To determine the sensitivity of ILDs and ITDs, we use ω as a measure of cue sensitivity and θ to quantify the right/left bias (see Methods). The stimuli were LP and HP noises, addressing the apical and medial-basal electrodes for CI users, respectively. In general, FSP cochlear implant listeners revealed some, albeit poor, ITD sensitivity. All subjects had their sensitivity range (ω) beyond the physiological range (see gray area in Figure 3), where this cue will saturate under free-field hearing. However, most (n = 22 out of 25) participants were able to detect high-frequency ILDs within a usable range (<20 dB). Both tasks showed considerable variability among the CI subjects in sensitivity (ω) and threshold (θ).
Figure 3. Interaural level difference (ILD, left and middle columns) and interaural timing difference (ITD, right column) data and sigmoid fits for four representative examples of BICI listeners (A–O) and one normal-hearing (NH) control (P–R). In all ITD panels, the gray area indicates the physiological range for ILD low-pass (LP, ±2 dB) and ITD LP (±600 μs) that is within the stimulus intensity range. Note that four out of five CI-users demonstrate some variable ITD sensitivity within the physiological range and that all show ILD high-pass (HP) sensitivity.
To illustrate the data analysis and responses for individual cases, we show the results from five representative BICI listeners with zero, two, and four FSP channels (Figures 3A–O) as well as for a NH control listener, for comparison (Figures 3P–R). The sensitivity of the ITD cue for the BICI users ranged from 1.7 ms (FS2 listener P2; Figure 3F) to 9.6 ms (no FS listener P19; Figure 3L), while the NH example showed a ωITD that was much smaller, at 0.2 ms (NH3; Figure 3O). Although the modest sensitivity to ITD is insufficient to correctly lateralize the sound, it may nevertheless have offered a weakly informative cue for the listeners to be perceived (e.g., see Figures 3F,L).
In contrast, the ILD sensitivity for the BICI users and the NH example, quantified by ωILD, were more comparable. While P19 performed more poorly with a sensitivity of ωILD = 31.8 dB for HP and ωILD = 30.4 dB for LP, listener P2 yielded ωILD = 7.9 dB and ωILD = 5.8 dB for HP and LP sounds, respectively. These examples illustrate the large variability across listeners, but indicate also that most of them had a well-defined sensitivity to this cue. The threshold value, θILD, which characterizes the balance between the right and left ears, varied across listeners. Note that the LP value for θILD is correlated to θITD as the ITD was measured at 0 dB ILD for the same frequency range for all CI listeners (r2 = 0.59, p < 0.001). For example, P1 had a rightward ILD bias for LP stimuli with θILD = −5.2 dB and also a negative ITD bias of θITD = −1.4 ms for the same sounds. Also, listeners P9 and P19 showed a consistent relation between the LP-ILD and ITD tasks, but although they yielded smaller ILD thresholds than P1, their ITD thresholds were more extreme to the right than for P1.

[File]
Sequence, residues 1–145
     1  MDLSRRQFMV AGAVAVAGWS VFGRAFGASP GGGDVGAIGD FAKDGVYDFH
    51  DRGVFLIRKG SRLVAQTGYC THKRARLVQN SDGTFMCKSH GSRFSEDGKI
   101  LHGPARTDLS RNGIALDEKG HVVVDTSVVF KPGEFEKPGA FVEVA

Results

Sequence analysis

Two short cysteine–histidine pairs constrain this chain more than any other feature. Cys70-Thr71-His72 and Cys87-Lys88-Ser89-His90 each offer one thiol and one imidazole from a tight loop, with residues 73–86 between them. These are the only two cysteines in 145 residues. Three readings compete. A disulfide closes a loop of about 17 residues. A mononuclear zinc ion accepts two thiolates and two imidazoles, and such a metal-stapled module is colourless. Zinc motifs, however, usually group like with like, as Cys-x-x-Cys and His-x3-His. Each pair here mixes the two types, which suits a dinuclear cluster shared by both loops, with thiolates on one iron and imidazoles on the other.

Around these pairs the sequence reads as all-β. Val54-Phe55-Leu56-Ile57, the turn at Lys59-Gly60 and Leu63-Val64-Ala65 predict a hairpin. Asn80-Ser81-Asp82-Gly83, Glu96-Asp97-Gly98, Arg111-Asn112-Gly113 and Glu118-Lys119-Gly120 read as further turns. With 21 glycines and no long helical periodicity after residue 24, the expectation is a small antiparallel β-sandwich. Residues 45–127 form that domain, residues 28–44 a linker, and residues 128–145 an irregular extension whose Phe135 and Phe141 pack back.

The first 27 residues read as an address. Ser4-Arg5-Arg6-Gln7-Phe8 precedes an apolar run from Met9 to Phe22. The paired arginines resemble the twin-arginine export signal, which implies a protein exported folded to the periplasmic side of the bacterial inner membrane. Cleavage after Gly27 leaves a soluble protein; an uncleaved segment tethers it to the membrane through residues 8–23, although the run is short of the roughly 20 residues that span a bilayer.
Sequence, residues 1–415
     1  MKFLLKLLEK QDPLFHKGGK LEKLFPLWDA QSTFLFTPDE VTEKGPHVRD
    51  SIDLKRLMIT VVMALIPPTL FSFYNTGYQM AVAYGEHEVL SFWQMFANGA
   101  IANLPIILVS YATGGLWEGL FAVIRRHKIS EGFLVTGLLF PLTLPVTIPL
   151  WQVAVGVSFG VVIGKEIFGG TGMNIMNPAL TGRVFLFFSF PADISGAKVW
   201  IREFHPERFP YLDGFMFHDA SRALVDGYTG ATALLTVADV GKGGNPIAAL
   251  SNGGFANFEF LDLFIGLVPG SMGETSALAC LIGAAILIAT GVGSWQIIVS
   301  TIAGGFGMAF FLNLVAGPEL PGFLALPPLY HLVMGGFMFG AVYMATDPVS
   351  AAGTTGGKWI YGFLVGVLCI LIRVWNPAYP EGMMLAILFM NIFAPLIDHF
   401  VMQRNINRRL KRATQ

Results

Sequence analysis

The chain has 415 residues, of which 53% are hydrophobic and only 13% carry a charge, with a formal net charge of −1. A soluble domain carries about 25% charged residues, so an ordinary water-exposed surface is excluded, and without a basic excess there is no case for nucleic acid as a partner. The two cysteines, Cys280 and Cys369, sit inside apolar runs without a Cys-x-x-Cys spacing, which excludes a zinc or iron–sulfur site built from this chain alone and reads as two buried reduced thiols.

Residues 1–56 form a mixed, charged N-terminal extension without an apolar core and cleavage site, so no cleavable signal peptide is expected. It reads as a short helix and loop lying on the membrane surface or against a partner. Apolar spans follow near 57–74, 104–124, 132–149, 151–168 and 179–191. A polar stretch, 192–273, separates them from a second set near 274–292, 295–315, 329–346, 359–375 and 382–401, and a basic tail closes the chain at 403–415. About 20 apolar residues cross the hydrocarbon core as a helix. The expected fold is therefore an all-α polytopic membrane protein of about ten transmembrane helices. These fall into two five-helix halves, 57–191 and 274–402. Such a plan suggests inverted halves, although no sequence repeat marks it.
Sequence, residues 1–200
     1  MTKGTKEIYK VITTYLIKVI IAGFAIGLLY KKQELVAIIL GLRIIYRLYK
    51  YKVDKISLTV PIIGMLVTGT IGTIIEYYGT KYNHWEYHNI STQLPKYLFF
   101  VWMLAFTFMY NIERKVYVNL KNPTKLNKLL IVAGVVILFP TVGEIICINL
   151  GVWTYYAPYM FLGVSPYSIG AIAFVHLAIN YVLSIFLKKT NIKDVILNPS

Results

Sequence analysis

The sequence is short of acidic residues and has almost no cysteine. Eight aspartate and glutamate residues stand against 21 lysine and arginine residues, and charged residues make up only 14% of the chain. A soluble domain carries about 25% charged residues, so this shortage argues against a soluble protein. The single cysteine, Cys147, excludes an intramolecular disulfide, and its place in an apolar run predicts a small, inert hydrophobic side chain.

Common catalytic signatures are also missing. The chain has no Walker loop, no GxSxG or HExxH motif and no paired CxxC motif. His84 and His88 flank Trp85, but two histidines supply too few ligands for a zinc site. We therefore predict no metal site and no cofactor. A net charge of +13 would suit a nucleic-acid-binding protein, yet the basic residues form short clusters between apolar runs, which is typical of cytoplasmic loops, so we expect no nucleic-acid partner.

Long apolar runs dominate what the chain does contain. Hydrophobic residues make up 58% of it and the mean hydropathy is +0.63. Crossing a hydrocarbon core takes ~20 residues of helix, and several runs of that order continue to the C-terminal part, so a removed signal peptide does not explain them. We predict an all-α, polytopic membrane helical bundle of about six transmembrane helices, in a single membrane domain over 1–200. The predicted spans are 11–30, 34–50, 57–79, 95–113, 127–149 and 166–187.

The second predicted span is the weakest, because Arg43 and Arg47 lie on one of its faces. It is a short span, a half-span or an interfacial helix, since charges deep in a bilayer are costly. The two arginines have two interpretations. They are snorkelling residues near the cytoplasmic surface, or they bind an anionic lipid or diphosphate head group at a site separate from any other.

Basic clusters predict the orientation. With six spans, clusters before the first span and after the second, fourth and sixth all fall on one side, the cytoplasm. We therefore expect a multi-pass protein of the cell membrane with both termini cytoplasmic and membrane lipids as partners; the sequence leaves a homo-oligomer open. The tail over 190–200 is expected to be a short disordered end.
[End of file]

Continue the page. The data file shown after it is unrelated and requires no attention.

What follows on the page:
An overview of the sensitivity (ω) and bias (θ) for all sound types and subgroups is provided in Figure 4. The vertical gray line in Figures 4A–C illustrates the maximum ILD/ITD for each bandwidth (see Methods). We did not observe an effect of the different FS subgroups on ILD or ITD sensitivity (confidence intervals of the means were overlapping). When pooling all groups to compute the overall mean (gray shadowed area in Figure 4), all BICI users yielded ωITD beyond the physiological limit (mean of 5.5 ± 1.7 ms; Figure 4C), which reflects the difficulty to use ITD cues in the free field. Note, however, that some FS subjects demonstrated better ITD sensitivity (around 1 ms), which is not far from the physiological limit and, although not sufficient for veridical lateralization, could still serve as a weak but informative cue for azimuth (e.g., P2; Figure 3F). Similarly, the sensitivity for low-frequency ILDs fell outside its small physiological range (±2 dB) for all CI listeners (mean = 11.2 ± 2.6 dB; Figure 4B). However, most listeners demonstrated ILD sensitivity for HP (mean = 11.9 ± 3.5 dB; Figure 4A) and LP sounds (mean = 11.2 ± 2.6 dB; Figure 4B). All normal-hearing controls showed a high sensitivity to ILD in HP (mean of 3.7 ± 1.7 dB; Figure 4A) and ITD in LP (mean of 0.12 ± 0.02 ms; Figure 4C). It is noteworthy that, in normal hearing subjects, the reduced sensitivity to weak low-pass ILDs is overcome with the ITD perception. There was considerable variability in the biases across BICI listeners, which could reflect that one device was programmed slightly louder than the other. Although the overall means for θILD (−0.2 ± 0.9 dB for HP and −0.1 ± 1.0 for LP; Figures 4A,B, respectively) and θITD (0.2 ± 0.6 ms; Figure 4C) did not differ from zero, some subjects had a clear right or left tendency. All NH listeners showed balanced responses for ILD (0 ± 0.3 dB for HP and 0 ± 0.2 for LP; Figures 4A,B, respectively) and ITD (0.10 ± 0.02 ms; Figure 4C), as expected.